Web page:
FRANKFURT, Feb 1 (Reuters) - ING’s fast growing German unit incurred a sharp rise in costs in 2017 but said it was still committed to offering free checking accounts for its banking customers.
ING-Diba, whose online-only, no-frills and zero-fees offering has upended the German market, said on Thursday that costs were 44 cents for each euro of revenue in 2017, up from 40 cents the previous year.
That is still well below the 70 cents and higher for traditional German banks.
Investments in wholesale banking and IT, along with 120 new hires, were behind the rise in costs, said Chief Financial Officer Remco Nieland. Higher costs were a conscience decision to lay the groundwork for long-term growth, he said.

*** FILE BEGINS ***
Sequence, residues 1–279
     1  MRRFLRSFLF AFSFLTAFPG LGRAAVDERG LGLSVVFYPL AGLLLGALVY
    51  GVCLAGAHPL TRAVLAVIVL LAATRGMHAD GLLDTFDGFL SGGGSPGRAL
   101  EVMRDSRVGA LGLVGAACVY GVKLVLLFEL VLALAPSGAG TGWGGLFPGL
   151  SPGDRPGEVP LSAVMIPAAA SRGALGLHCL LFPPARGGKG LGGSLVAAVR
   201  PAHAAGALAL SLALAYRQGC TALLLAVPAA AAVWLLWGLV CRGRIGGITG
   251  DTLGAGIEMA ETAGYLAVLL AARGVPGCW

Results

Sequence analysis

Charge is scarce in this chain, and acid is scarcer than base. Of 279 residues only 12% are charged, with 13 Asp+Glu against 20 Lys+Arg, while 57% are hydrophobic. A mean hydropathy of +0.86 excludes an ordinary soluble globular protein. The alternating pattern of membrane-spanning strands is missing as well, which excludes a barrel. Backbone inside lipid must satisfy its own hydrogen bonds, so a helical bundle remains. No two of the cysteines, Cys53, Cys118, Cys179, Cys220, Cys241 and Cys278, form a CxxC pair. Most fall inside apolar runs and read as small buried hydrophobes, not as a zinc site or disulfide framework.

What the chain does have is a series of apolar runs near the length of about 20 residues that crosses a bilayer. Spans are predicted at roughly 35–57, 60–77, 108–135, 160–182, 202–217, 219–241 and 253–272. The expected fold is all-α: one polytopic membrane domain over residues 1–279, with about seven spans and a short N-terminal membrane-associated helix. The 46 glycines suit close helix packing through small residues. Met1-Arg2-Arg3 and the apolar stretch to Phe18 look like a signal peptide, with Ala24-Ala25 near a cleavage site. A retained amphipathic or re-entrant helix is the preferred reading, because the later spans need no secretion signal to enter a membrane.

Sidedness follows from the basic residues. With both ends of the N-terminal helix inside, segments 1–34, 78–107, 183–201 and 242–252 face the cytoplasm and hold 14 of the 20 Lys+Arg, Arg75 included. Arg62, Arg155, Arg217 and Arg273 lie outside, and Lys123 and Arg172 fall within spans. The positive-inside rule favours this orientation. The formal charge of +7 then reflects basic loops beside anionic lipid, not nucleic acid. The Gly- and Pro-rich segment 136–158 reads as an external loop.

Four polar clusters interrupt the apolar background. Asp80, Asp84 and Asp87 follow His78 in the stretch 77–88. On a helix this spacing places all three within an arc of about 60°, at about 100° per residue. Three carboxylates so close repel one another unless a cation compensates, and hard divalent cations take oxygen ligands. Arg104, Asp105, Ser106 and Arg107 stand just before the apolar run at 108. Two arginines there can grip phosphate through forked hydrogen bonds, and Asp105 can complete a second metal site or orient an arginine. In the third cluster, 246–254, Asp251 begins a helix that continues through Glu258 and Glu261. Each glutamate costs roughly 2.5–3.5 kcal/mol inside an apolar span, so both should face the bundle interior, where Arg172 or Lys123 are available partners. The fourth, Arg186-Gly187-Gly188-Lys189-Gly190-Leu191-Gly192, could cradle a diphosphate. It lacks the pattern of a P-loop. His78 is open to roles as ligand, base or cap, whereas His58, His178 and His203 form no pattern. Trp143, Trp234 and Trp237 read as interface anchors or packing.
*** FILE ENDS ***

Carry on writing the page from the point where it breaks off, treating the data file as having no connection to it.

Low costs have enabled the bank to offer its checking accounts for free, stealing market share from its competitors.
ING-Diba will continue to offer free accounts “as long as possible”, Chief Executive Officer Nick Jue said. “We certainly won’t impose fees this year.”
The Frankfurt-based subsidiary now has more than 9 million customers and ranks as the No. 3 retail bank in Germany, behind behemoths Deutsche Bank and Commerzbank CBKG.DE>.
Germany’s retail banking sector, however, remains fragmented with hundreds of savings banks and cooperatively owned lenders having a combined market share of about 70 percent.
“We want to become one of the leading universal banks in Germany,” Jue said. (Reporting by Tom Sims; Editing by Alison Williams)